Accessible design: the extra edge for conversions

You may have read about creating content for conversions, using proper spelling and grammar and designing for scent of information on this blog earlier, so you should be familiar with the idea of creating websites for the people. Let’s see how accessible design can help you with sales and traffic.

What is accessible design?

Accessibility is about making websites accessible to people with visual or physical disabilities that prevent them from using the sites as efficiently as other people. In a broader sense, accessible design is about making site content easier to understand and use. Mostly, it involves making graphical, audio and video information available in text, using clear, simple language and proper text formatting.

Why accessible design?

In the process of making your site accessible, you make sure you use text over images where possible (navigation buttons are primary target for this one often), make the text readable and use the language your target audience uses. With this, you make the site easily understandable for your visitors, who become more inclined to buy from you. Also, the search engines prefer text over other media as well (though they are making attempts to categorize it, too), so by making your site accessible, you empower your site to get more traffic from the search engines.

Anything else?

Well, apart from simply working for your customers, there is a couple of concerns more about site accessibility:

  • website accessibility is a legal requirement in the US, UK and will be in Europe
  • there is about 10-20% of people with disabilities using the Internet. With an accessible website, you gain more market share easily (most website owners aren’t taking heed about accessibility, for now)
  • Google has launched accessible search, which will enable your accessibility-needing target audience find you easier

Rounding up

When it comes to website accessibility, it is easy to turn your nose away from it. But that’s what only one part of your competition is doing. Another is looking for ways to increase conversions and will sooner or later make their websites accessible. Make your site accessible now, and you’ll not only reap the benefits of getting more targeted traffic and conversions, but an earlier lead ahead of your rivals as well.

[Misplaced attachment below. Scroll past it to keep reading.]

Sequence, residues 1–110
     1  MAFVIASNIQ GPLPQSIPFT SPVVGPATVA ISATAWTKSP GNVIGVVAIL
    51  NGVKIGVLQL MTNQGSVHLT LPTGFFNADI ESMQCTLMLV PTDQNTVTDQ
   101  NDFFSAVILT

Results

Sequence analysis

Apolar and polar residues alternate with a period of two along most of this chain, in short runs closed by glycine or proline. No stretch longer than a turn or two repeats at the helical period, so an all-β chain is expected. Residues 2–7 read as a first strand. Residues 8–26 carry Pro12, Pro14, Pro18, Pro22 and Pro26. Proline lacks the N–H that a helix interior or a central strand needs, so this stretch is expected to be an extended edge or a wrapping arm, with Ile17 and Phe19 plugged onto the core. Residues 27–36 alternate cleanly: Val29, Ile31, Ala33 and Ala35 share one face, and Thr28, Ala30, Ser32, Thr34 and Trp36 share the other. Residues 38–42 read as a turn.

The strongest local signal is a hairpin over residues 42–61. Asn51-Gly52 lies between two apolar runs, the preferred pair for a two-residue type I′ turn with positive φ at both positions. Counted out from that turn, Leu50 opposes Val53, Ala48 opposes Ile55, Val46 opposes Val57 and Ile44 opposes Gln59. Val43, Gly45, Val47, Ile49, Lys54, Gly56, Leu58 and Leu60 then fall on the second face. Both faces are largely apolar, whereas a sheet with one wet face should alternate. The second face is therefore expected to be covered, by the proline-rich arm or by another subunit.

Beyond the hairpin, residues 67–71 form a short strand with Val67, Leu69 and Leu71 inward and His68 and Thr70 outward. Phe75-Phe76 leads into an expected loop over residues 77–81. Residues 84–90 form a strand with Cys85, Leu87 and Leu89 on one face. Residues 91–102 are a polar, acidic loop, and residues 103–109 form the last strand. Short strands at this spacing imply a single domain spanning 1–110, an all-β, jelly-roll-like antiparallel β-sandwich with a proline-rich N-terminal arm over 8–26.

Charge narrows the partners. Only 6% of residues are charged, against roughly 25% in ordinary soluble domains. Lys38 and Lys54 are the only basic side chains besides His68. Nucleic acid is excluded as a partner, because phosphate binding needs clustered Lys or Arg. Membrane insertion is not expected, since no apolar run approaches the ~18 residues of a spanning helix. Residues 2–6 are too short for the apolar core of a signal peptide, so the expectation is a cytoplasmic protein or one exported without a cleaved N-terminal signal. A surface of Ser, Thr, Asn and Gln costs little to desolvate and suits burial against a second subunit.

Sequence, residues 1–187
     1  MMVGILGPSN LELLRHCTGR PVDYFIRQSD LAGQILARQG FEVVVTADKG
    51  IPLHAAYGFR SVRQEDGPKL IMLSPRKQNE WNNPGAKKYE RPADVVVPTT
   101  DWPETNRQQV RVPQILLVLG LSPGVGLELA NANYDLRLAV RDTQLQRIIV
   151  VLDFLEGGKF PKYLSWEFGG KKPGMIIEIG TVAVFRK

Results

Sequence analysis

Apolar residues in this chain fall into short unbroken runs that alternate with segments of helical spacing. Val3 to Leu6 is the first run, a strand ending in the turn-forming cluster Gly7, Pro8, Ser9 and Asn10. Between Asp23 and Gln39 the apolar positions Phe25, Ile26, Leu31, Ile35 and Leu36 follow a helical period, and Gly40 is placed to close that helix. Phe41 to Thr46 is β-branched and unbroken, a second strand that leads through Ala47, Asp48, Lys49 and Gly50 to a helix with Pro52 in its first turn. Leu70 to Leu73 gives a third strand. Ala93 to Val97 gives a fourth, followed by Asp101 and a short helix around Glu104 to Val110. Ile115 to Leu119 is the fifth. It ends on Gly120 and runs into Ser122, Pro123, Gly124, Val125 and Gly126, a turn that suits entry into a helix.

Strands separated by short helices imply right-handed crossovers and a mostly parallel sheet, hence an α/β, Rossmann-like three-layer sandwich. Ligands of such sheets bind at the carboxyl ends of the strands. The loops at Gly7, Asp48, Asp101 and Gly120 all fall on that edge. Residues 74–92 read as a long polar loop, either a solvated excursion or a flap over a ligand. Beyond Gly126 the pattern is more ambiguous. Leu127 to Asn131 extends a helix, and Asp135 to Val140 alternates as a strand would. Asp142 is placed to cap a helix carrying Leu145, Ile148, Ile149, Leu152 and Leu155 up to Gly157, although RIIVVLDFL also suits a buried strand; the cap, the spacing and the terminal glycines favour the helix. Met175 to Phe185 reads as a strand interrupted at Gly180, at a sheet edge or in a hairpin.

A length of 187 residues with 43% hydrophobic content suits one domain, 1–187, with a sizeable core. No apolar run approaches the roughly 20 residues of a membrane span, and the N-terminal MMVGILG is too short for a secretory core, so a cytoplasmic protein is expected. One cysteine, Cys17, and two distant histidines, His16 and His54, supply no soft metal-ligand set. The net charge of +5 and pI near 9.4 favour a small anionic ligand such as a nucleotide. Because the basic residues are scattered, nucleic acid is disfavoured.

Download a free sample from my book, Design Fundamentals.


  1. Creating accessible sites makes a lot of sense. I know there’s often discussion about how it affects SEO, but I don’t see it discussed in terms of conversions often. It’s important to create accessible sites if only to make it easier for some to browse your site, but anything that helps improve conversions works for me.

    Regardless of how it helps your business it’s an important issue since making your site more accessible benefits everyone who views it, and especially helps those who might be unable to view your site otherwise.

    I would like to see search engine take a stand and add accessiblity issues into the algorithm If they did I’m sure more webmasters would pay attention and we’d see a lot more accessible sites. Google’s accessible search is a good first step, but more can still be done.

  2. Well, simply benefiting from extra traffic (by using clear text labels instead of images or Javascript, for instance) will increase sales.

    As for conversions, accessibility isn’t just about text. It is also about presenting information in an easily digestable way (one of the older WCA Guidelines was to use simple language). Simple language can increase conversions, if you speak the language of your visitors and (also) about them – how they will be better if they use your product.

    Though the last part is more related to marketing than accessibility, this may be deemed as ‘accessible marketing’. How about that for a new marketing/accessibility term :)

  3. I like the new term and I agree accesibility is far more than about text. The more I look into accessibilty the more questions it raises for me like is it easier to access a site that present the navigation fist or would someone who can’t see prefer to have the content first. Which images really need descriptive alt text and which images should just have blank alt text.

    My guess is that different people will have different preferences just as in any other aspect of design.

  4. Yes, I have noticed it too. What WCAG say is just a tip of the iceberg. Accessibility is more like a principle, not a how to guide. Just as any other aspect, I guess.

    I have read that people, who use screen readers, prefer content second, because they need navigation first. And they like the “Skip to content” links, too, when they visit more pages on the same site (and are familiar with the navigation).

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